More horse attacks in France prompt major investigations

More horses have been found injured across France, prompting one investigation in the northeast to include 40 gendarmes and a helicopter, as investigations ramp up into the mystery macabre attacks.

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The officers and helicopter were deployed in Losne, in Côte d'Or (Bourgogne-Franche-Comté), on Saturday night, September 6, after a horse owner reported that there had been an intruder in his field, where a horse had been found injured.

The owner noticed lights coming from the field at about 02:00, and notified the gendarmerie, who sent 40 officers and a helicopter, as well as a canine team. Investigators are now looking for two men in connection with the incident.

The prosecutor’s office in Dijon told the Agence France-Presse: “A horse was wounded on its side. It was a very deep injury, according to the veterinary examination.”

The gendarmerie are now working with neighbouring departments on the case, including researchers in Beaune, as well as regional teams in Dijon.

Even more cases

The case comes as another mare was found dead and mutilated on Saturday, in the Cantal (Auvergne-Rhône-Alpes). The owners found the animal “disemboweled, with an ear cut off, and her udders cut off”, said the prosecutor’s office in Aurillac. An autopsy was done to ascertain if the injuries were inflicted before or after death.

The Val-d’Oise department (Ile-de-France) recorded its first cases on Saturday too - in the rural commune of Grisy-les-Plâtres in Vexin. One mare was found with mutilated genitals, and another with a 30-centimetre gash on her side. Both animals survived.

Read more: More than 30 horse mutilation cases reported in France

Ministers visit and ‘awareness raising’

Interior minister Gérald Darmanin and agriculture minister Julien Denormandie have visited the Oise (Hauts-de-France) today (Monday September 7), to show their support for the horse owners affected by the attacks.

Serge Lecomte, president of the horse federation la Fédération Française d'Equitation, commended the efforts being made to raise awareness of the growing issue.

He said: “This is a first. That two ministers would visit due to a concern over cruelty towards animals, that shows a real move towards awareness among the public, and among law enforcement, for them to quickly find a solution. Bravo on the efforts being taken.”

Mr Lecomte said that the attacks were “deranged”, and said that “cruelty towards animals was not new”. He added: “We are all frightened. Everyone is very worried about this crazy cruelty.”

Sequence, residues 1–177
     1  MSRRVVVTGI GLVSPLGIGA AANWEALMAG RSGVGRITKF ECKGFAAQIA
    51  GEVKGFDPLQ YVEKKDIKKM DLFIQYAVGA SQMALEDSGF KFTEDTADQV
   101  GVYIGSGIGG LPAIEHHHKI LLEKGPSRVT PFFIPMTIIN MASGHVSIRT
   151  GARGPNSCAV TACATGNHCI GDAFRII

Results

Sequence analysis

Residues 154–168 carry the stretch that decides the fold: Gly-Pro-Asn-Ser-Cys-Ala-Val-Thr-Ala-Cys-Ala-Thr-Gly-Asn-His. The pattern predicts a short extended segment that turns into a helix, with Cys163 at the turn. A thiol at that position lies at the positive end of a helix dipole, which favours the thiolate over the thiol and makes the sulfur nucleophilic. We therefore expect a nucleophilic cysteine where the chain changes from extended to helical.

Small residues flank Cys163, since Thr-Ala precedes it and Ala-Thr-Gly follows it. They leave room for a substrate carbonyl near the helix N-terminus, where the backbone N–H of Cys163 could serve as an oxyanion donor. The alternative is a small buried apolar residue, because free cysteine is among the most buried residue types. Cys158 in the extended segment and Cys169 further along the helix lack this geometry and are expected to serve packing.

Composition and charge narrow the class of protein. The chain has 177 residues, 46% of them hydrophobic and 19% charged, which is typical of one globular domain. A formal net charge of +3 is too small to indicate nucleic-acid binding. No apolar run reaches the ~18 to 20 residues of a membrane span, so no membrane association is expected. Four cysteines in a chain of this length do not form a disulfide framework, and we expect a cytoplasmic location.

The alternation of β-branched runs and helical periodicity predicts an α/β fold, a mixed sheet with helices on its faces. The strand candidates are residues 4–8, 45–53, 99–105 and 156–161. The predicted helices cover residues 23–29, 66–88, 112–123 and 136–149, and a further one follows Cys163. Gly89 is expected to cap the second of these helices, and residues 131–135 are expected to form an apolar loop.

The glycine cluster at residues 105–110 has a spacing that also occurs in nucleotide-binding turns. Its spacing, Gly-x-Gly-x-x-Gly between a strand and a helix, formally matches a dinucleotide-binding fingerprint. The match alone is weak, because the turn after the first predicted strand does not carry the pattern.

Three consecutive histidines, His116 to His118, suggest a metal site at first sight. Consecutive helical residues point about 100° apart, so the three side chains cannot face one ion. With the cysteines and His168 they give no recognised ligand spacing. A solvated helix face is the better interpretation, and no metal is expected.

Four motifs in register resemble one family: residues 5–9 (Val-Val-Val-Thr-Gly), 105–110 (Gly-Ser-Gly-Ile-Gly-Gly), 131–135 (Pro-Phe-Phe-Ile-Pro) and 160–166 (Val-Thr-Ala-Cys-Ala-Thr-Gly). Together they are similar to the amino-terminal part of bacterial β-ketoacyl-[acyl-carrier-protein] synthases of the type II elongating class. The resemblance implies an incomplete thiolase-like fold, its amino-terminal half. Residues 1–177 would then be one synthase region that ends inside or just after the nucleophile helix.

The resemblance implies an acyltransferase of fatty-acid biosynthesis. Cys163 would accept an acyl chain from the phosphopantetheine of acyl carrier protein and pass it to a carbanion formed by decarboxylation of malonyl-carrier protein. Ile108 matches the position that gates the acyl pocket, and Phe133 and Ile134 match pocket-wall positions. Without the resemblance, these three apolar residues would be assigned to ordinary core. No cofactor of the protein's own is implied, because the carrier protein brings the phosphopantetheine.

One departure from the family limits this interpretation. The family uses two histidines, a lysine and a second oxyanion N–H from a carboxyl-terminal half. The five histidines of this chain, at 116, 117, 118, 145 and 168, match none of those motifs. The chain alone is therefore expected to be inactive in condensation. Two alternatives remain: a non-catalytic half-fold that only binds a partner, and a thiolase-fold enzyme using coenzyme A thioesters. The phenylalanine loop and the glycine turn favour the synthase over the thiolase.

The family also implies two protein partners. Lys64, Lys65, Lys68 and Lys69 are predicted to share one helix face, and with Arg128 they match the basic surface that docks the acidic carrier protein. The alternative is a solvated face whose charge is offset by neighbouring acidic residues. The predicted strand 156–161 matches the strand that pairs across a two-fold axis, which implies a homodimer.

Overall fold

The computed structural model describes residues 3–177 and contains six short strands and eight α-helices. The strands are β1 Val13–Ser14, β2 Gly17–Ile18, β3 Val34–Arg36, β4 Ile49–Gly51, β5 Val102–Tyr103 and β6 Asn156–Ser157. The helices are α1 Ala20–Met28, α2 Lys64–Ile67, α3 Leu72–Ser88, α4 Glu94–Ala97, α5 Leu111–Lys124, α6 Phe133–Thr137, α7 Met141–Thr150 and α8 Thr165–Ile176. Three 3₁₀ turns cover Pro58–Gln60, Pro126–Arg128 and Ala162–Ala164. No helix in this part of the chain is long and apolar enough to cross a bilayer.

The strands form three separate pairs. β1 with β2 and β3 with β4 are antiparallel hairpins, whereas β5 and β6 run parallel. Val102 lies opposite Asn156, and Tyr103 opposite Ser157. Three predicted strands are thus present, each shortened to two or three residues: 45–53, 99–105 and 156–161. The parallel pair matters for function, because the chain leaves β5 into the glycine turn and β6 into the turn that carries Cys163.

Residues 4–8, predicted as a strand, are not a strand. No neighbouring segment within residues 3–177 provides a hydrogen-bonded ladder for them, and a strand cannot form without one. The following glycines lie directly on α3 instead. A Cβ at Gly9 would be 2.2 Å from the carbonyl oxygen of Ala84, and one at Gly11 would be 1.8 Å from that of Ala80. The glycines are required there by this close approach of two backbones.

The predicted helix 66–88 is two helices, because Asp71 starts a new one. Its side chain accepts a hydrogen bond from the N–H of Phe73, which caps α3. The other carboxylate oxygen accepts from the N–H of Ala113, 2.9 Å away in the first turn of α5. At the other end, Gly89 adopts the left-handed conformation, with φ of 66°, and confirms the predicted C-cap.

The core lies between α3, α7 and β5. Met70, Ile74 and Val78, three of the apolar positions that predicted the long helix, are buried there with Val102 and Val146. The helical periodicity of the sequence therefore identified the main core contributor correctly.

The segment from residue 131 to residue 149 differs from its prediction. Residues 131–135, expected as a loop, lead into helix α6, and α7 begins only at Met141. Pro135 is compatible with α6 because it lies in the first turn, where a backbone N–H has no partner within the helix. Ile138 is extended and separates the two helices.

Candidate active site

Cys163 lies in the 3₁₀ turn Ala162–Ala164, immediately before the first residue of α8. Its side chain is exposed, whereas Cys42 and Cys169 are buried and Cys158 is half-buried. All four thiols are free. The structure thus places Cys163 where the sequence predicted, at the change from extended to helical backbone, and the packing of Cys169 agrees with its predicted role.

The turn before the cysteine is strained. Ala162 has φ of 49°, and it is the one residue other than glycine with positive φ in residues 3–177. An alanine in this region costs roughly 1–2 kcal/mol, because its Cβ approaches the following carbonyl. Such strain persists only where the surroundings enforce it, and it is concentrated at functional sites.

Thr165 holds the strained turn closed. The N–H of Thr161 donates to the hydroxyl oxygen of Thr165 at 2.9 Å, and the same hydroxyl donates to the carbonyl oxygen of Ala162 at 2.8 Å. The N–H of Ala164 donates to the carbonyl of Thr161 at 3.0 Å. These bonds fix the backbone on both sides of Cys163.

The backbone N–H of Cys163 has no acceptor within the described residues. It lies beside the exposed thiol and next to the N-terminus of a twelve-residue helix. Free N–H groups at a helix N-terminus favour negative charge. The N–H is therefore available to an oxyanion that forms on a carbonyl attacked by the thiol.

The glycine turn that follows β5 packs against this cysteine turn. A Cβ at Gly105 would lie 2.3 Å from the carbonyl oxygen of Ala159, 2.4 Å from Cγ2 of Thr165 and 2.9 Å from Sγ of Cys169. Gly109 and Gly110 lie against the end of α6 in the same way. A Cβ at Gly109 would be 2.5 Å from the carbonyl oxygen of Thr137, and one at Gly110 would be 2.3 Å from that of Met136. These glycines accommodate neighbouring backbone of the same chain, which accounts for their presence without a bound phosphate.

Investigations continue

More than 30 attacks have now been reported across the country. Police have not been able to identify a singular motivation behind the attacks, with some suggesting they could be linked to satanic rituals, some kind of internet challenge, “trophy hunting”, an act of “animal haters”, or even “copycat killings”.

Investigators have said that the attacks are likely to be the work of more than one perpetrator, as they are too widespread for them to be done by one individual or team. Similarly, the types of injuries suggest that the attackers have some kind of knowledge of anatomy or veterinary skills.

Read more: Horse attacks: Owners in France warned against vigilantism

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Read more: French police release sketch of horse attacker

The gendarmerie nationale has even asked sectarian violence agency la Mission Interministérielle de Vigilance et de Lutte contre les Dérives Sectaires (Miviludes) to join the investigation.

The minister for the interior has said: “Even though there is not yet any clear sign of a formal link to any sectarian movement, some incidents appear to be linked to sectarian rituals, especially satanic [practices].”

Yet, the Miviludes are remaining cautious. In a statement, it said that “voodoo [and satanic rites] usually concern small animals, and not horses” and that “satanic rituals are out of fashion...there is potential for violence among these groups but we have not seen it for years”.

This lead is just one of several being considered by police.

Warning against vigilantism

Worried owners have reportedly been sleeping near their horses in their fields, keeping watch; installing cameras and lights across their properties; or even bringing their animals into their back gardens in a bid to keep them close and out of danger.

Read more: French horse owner surprises animal attackers in the night

Some gendarmerie units have also begun making horse patrols overnight.

But even as the number of cases continues to increase, police have warned owners against “vigilantism / taking the law into their own hands”, and have reminded people to report anything suspicious to the local gendarmerie.

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